I run a browser based game at Recently, I've been working on reformatting the site with CSS, trying to get all of its pages to verify according to the HTML standard.

I've been toying with this idea of having the navigation menu on the left AJAX the pages in (rather than taking the user to a separate page each time, requiring a reload of the title and nav bar, which almost never change) and I know that if I do so, I will probably break the Forward/Back buttons in the browser. My question I guess is, should I go ahead and AJAX the site, thus requiring the user to use the sites navigation to play the game, or should I leave the site as it currently stands, and use standard hyperlinks and things for navigation?

The reason I ask I guess is that I built a forums system into the site, and a lot of times I would want to link say to a particular topic within the forums.

I'm also open to suggestions. Is there a standard (preferably without traditional frames) way to make only the body area of the site reload, while still changing the URL so that users can bookmark and forward/back, etc? That could potentially solve my problem as well. I'm just asking for the best solution here, not an answer to a specific question. ^_^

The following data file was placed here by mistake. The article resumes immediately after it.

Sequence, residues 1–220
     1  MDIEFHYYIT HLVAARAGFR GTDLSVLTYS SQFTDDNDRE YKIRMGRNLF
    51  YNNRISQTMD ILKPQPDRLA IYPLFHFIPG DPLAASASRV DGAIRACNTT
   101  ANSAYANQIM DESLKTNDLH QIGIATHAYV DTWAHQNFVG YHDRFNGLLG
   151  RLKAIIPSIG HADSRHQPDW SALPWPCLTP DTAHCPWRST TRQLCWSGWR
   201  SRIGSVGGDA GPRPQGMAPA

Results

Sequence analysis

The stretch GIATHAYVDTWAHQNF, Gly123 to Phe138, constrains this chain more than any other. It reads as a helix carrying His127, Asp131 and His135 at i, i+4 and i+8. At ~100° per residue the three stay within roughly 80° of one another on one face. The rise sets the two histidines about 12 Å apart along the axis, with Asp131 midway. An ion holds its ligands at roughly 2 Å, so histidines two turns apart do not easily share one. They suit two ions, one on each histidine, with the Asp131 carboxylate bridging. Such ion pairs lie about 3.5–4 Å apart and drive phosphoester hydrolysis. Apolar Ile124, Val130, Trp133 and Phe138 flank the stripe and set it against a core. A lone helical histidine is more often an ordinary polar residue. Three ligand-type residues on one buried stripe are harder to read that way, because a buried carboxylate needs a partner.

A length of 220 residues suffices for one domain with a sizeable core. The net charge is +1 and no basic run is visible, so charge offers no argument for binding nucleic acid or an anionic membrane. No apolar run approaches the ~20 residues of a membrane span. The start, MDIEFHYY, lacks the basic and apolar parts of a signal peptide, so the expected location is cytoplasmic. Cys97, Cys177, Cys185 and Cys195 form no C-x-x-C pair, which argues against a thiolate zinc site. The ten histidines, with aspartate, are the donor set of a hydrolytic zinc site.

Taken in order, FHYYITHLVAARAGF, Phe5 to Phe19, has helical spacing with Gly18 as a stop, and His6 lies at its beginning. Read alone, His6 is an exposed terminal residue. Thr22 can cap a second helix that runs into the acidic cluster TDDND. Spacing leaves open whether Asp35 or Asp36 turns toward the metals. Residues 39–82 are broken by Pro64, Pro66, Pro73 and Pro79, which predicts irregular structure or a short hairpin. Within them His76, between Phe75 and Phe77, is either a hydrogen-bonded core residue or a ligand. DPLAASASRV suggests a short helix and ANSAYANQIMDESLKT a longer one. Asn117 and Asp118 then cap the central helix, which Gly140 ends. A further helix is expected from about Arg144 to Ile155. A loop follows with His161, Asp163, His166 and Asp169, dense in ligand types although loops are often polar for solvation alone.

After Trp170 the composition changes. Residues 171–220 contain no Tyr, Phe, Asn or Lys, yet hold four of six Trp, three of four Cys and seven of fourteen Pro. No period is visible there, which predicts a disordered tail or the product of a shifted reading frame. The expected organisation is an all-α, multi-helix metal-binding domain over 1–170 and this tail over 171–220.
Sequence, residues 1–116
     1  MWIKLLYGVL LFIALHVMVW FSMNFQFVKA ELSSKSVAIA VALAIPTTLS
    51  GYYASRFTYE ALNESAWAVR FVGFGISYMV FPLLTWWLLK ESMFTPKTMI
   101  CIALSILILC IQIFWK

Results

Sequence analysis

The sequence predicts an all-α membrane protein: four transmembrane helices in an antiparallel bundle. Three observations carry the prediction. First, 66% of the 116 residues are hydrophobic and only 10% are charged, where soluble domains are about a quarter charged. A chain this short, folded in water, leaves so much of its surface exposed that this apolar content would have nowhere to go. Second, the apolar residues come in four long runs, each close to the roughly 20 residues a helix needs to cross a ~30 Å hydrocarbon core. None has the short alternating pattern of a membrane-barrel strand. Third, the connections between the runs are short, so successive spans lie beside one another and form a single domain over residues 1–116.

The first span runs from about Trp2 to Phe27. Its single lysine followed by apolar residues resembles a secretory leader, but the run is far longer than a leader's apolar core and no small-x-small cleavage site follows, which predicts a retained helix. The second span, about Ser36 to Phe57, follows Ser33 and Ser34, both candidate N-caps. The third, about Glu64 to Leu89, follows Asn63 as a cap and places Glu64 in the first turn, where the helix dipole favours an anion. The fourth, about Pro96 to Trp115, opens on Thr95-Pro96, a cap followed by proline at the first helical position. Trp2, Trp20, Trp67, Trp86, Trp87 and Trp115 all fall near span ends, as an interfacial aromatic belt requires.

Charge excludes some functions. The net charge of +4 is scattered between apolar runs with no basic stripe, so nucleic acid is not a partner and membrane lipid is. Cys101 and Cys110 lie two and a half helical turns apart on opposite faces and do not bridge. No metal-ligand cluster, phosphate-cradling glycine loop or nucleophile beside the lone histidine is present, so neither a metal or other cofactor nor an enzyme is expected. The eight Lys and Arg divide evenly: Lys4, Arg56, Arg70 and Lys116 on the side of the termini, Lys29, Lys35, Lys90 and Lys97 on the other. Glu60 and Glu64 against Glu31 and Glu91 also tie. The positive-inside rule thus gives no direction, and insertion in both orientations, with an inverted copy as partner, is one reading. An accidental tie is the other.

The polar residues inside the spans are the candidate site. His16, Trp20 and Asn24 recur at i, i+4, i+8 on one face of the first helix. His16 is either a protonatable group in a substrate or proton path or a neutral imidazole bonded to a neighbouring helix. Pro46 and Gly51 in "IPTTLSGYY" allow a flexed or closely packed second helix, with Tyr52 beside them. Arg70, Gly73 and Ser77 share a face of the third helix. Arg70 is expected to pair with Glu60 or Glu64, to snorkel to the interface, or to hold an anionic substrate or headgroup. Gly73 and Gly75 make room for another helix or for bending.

+11  A: 

Use ajax for portions of the page that needs to update, not the entire thing. For that you should use templates.

When you want to still preserve the back button for your various state changes on the page, combine them with # achors to alter the url (without forcing the browser to issue another GET).

For example, gmail's looks like this:

everything past the # was a page state change that happened via ajax. If I press Back, I'll go to the inbox again (again, without another browser GET)

Ben Scheirman
Awesome tip... thank you.
+2  A: 

There are numerous ways the solve this problem using funky Javascript techniques, often involving iframes, but I think in this situation you need to question why you're using AJAX. Is it actually going to make the site any easier to use for the user? It sounds to me like you're using it cos you think its cool (which in itself isn't always a bad thing) not because it will actually add any value to your visitors. From any normal website, normal hyperlinked documents are nearly always the right thing for the primary navigation. Its what people expect and I wouldn't recommend you go around breaking those expectations based on some fancy technology.